You always hear that Long Island and its wines are reminiscent of Bordeaux and its wines. But when winemakers and winery owners say that, most of the time, they do so to highlight their red wines — those made from merlot, cabernet franc and cabernet sauvignon.

What about white wines? Chardonnay, the white grape of Burgundy rules the Long Island white wine scene, not Sauvignon Blanc and Semillon, the white grapes of Bordeaux. But, while far from ubiquitous, a small number of local producers are doing what I consider great things with white Bordeaux varieties — particularly Sauvignon Blanc.

Two weekends ago,  I sat down in my sun-drenched dining room with four local 2005 Sauvignon Blanc bottlings for what was planned as a “battle of the blancs.” I wanted to find a favorite.

Picking a favorite from these wines is like picking a favorite episode of The Office — they’re all too good to pick just one.

I started with the 2005 First Fruit ($20) from Shinn Estate Vineyard, the lightest and most refreshing of the lot. Made of 96% Sauvignon Blanc and 4% Semillon, the nose is dominated by citrus scents of grapefruit, lime and chalky minerality. Medium-bodied it offers a burst of ripe fruit flavor — tart lime, grapefruit and apple — accented by somewhat minty and grassy herbal notes, subtle thirst-quenching acidity and a minerally finish that begs for same day fresh scallops and oysters. This is the quintessential seafood wine, and that comes as no surprise given co-owner David Page’s pedigree as a Manhattan chef.

Raphael_2005sauvblancRaphael’s 2005 Sauvignon Blanc ($22) is similar in color, but unquestionably different. Winemaker Richard Olsen-Harbich has long lauded Sauvignon Blanc as Long Island’s best white grape and he makes his in a distinctive Long Island style — not quite Old Word, but not quite New Zealand either. The nose offers scents of grapefruit, lemons and minerals and the palate offers similar flavors along with more tropical notes of kiwi and melon, with a slatey finish and even more acidity. I’ve tasted three or four vintages of this wine, and this is Rich’s best to date. 2005 really was a great year, even for whites. All of these wines reinforce that notion.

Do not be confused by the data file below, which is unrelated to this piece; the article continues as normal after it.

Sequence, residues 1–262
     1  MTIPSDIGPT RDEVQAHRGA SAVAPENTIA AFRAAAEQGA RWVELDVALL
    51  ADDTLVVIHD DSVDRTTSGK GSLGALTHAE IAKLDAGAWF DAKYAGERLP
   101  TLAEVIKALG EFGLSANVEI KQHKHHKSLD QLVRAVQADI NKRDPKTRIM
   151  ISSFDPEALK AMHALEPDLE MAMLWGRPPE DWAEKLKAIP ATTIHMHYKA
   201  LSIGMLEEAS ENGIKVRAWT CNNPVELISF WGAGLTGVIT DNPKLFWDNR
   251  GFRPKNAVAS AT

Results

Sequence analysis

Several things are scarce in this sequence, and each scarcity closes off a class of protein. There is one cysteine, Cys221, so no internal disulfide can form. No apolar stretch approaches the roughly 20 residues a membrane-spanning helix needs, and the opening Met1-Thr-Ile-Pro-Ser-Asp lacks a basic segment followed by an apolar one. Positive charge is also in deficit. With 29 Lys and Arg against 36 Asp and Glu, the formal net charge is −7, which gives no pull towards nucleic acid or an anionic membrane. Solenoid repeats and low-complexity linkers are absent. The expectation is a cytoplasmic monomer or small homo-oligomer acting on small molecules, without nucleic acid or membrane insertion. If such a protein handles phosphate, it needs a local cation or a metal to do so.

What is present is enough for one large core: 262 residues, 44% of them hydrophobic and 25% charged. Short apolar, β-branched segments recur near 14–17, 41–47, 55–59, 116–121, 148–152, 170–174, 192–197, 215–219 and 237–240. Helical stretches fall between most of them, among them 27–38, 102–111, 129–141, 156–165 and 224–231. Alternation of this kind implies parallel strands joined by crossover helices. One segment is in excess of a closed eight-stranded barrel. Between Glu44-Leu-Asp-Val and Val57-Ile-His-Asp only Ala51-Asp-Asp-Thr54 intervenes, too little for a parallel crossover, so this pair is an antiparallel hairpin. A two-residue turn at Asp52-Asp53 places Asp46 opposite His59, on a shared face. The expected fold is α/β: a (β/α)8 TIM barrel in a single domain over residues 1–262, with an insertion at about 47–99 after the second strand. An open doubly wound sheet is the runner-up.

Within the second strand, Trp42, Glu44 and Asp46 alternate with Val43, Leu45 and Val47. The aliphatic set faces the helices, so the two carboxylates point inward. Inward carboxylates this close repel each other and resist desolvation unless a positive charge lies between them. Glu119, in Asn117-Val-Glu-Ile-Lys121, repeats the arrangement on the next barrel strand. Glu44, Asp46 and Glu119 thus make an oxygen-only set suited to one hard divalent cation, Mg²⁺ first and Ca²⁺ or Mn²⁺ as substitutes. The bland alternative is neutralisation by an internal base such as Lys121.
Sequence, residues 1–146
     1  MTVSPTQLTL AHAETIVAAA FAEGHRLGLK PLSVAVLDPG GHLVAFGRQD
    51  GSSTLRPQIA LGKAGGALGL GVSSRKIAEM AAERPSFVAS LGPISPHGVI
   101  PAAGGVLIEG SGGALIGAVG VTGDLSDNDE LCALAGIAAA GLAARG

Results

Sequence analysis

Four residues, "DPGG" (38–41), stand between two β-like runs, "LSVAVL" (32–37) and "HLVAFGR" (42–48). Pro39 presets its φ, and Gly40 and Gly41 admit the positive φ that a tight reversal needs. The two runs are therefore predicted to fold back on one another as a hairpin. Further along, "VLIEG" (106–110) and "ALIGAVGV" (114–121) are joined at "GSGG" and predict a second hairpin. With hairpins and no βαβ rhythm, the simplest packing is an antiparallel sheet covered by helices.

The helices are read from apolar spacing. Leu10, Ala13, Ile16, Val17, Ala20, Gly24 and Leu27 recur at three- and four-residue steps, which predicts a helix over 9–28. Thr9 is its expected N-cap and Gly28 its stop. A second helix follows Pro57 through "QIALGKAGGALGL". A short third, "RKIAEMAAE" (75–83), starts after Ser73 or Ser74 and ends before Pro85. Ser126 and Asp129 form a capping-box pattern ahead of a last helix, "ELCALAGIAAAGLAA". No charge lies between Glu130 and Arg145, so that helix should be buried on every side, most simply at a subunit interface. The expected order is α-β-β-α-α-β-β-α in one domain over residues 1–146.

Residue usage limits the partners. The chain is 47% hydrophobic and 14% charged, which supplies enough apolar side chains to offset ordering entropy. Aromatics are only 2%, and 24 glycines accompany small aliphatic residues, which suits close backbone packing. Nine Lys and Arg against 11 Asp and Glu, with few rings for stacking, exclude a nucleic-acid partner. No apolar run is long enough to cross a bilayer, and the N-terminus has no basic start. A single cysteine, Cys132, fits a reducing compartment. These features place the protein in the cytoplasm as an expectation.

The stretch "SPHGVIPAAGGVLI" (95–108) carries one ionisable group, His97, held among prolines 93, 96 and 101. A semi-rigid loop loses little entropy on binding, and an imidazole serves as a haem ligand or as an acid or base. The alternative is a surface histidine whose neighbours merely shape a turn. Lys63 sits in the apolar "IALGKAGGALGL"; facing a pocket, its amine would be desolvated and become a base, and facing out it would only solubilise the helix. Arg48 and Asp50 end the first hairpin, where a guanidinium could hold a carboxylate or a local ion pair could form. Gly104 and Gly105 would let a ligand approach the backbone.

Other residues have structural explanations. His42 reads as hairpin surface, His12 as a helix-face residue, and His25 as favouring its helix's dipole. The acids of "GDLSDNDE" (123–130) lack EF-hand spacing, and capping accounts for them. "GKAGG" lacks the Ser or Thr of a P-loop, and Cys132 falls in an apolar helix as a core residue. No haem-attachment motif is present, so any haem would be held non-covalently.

Every spring, there are a few wines I look forward to and Channing Daughters Winery 2005 Mudd Vineyard Sauvignon Blanc ($18), made with fruit from 25-year old vines, is one such wine. Winemaker Chris Tracy (another chef) blended 17% Chardonnay (Musque clone) into his Sauvignon Blanc adding appealing nuance and texture to this wine. Still citrusy, this wine is lightly floral on the nose, with fresh spring herbs in the mix as well. The tart acidity of the first two wines is less apparent here without losing any freshness. Complex and flavorful, I taste a wide array of fruit flavors — grapefruit, passion fruit, ripe melon — and 5% fermentation in new Slovenian oak brings subtle sweet spice accents. A stellar bottling and they made enough of it (500+ cases) that you could get your hands on it without being in their wine club. Don’t wait long though — it will still sell out soon.

The last of this quartet of thirst-quenchers, Jamesport Vineyards 2005 Sauvignon Blanc ($15) is a diversion from its all or primarily steel fermented brethren. The majority of this slightly darker wine was born in steel, but a more noticeable portion was barrel fermented as well. Once a strong smell of sulfer faded (the result of perhaps a slightly heavy hand during the winemaking process), green apple, grapefruit and vanilla-earthiness waft up from the glass. Much less citrus-driven, winemaker Les Howard has crafted a melony, appley and slightly tropical rendition of Sauvignon Blanc that still refreshing. Earthy and vanilla-honey notes are noticeable on a lengthy finish.

Again, with four wines like these, it’s near-impossible to pick a favorite, so I won’t. I’d recommend any of them — you really can’t go wrong.

(This story appeared in the 4/14 issue of Dan’s Papers)